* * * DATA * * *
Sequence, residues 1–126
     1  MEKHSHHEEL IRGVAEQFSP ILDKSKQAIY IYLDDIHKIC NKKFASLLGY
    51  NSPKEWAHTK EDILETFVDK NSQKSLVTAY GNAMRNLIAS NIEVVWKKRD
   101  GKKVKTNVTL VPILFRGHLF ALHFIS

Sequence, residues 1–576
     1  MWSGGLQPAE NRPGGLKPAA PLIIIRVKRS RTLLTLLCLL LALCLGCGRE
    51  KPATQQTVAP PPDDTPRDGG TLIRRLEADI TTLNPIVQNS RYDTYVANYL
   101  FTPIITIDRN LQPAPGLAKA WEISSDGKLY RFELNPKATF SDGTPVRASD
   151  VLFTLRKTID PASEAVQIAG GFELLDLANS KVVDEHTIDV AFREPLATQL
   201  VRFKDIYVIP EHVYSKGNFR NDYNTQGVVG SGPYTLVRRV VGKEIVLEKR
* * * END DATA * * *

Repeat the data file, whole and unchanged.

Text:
Sequence, residues 1–126
     1  MEKHSHHEEL IRGVAEQFSP ILDKSKQAIY IYLDDIHKIC NKKFASLLGY
    51  NSPKEWAHTK EDILETFVDK NSQKSLVTAY GNAMRNLIAS NIEVVWKKRD
   101  GKKVKTNVTL VPILFRGHLF ALHFIS

Sequence, residues 1–576
     1  MWSGGLQPAE NRPGGLKPAA PLIIIRVKRS RTLLTLLCLL LALCLGCGRE
    51  KPATQQTVAP PPDDTPRDGG TLIRRLEADI TTLNPIVQNS RYDTYVANYL
   101  FTPIITIDRN LQPAPGLAKA WEISSDGKLY RFELNPKATF SDGTPVRASD
   151  VLFTLRKTID PASEAVQIAG GFELLDLANS KVVDEHTIDV AFREPLATQL
   201  VRFKDIYVIP EHVYSKGNFR NDYNTQGVVG SGPYTLVRRV VGKEIVLEKR